Increasing the life-saving capacity of animal shelters and communities through education, shelter outreach, and development of new knowledge

Articles

H7N2 Influenza in Shelter Cats in New York City

When Avian Influenza H7N2 infected cats in a New York City animal shelter in late 2016 it was the first outbreak of its kind and the first documented case of cat-to-cat transmission, all in the most populous city in the United States

Thanks to a historic collaborative outbreak response by organizations and agencies including Maddie's Fund®, the ASPCA, the University of Wisconsin Shelter Medicine Program, New York City Animal Care and Control, the New York City Department of Health, US and NY Departments of Agriculture, the Centers for Disease Control and the Wisconsin Veterinary Diagnostic Laboratory, hundreds of cats' lives were saved. The outbreak also taught health professionals and researchers more about the virus. Click here to read more about the historic outbreak and response, most significantly how this allowed the shelter to refocus on establishing their capacity for care in order to reduce all infectious disease and increase their life saving abilities.

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UW SHELTER MEDICINE, WVDL ASSIST WITH CASES OF INFLUENZA IN SHELTER CATS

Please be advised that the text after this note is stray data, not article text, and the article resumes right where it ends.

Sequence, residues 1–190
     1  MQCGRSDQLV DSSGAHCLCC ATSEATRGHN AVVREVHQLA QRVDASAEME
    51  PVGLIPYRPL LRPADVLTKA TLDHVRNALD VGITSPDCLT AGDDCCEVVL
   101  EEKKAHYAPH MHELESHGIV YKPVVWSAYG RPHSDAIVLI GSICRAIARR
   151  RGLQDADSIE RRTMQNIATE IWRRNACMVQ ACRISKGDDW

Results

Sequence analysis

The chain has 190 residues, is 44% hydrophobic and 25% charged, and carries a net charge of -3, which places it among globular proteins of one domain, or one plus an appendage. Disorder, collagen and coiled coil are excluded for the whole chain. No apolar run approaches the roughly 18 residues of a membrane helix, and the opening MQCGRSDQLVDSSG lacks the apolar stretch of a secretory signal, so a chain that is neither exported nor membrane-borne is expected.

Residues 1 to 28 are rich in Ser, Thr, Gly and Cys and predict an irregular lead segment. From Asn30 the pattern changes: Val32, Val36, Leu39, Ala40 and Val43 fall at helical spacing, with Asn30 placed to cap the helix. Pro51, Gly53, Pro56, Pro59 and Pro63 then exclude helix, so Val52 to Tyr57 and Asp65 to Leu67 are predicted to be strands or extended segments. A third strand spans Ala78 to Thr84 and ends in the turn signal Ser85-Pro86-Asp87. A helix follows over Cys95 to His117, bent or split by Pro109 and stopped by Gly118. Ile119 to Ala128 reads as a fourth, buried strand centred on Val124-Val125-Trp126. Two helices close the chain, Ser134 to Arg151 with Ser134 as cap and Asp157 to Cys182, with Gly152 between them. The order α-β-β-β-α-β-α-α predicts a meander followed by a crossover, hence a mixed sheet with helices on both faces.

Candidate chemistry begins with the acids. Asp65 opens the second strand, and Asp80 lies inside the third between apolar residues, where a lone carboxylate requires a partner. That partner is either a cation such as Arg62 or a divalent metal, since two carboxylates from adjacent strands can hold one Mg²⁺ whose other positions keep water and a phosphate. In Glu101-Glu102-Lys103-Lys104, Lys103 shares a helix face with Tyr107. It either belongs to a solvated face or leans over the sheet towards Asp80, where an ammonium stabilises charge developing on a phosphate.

MADISON - Thirteen cats in a New York City shelter have tested positive for influenza A. One of them has died. The Shelter Medicine Program at the University of Wisconsin-Madison School of Veterinary Medicine (SVM) and the Wisconsin Veterinary Diagnostic Laboratory (WVDL) are working closely with the shelter to test and manage the cases.

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UW Shelter Medicine, WVDL find canine influenza transmitted to cats in Midwestern shelter

It may be called canine influenza, but Dr. Sandra Newbury, director of the Shelter Medicine Program at the University of Wisconsin School of Veterinary Medicine has confirmed that the virus that sickened a large number of dogs in the Midwest throughout last year has now infected a group of cats in the region.

Newbury, in collaboration with Virology Section Head at the Wisconsin Veterinary Diagnostic Laboratory, Kathy Toohey-Kurth, recently tested multiple cats at an animal shelter in Northwest Indiana and found them positive for the H3N2 canine influenza virus.

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Helping shelters respond to H3N2 canine influenza

In March and April of 2015 a novel strain of canine influenza, H3N2, was identified during an outbreak of canine respiratory disease in Chicago, IL. Our University of Wisconsin Shelter Medicine Program has partnered with many other agencies to uncover valuable information about managing and limiting the impact of this new virus.

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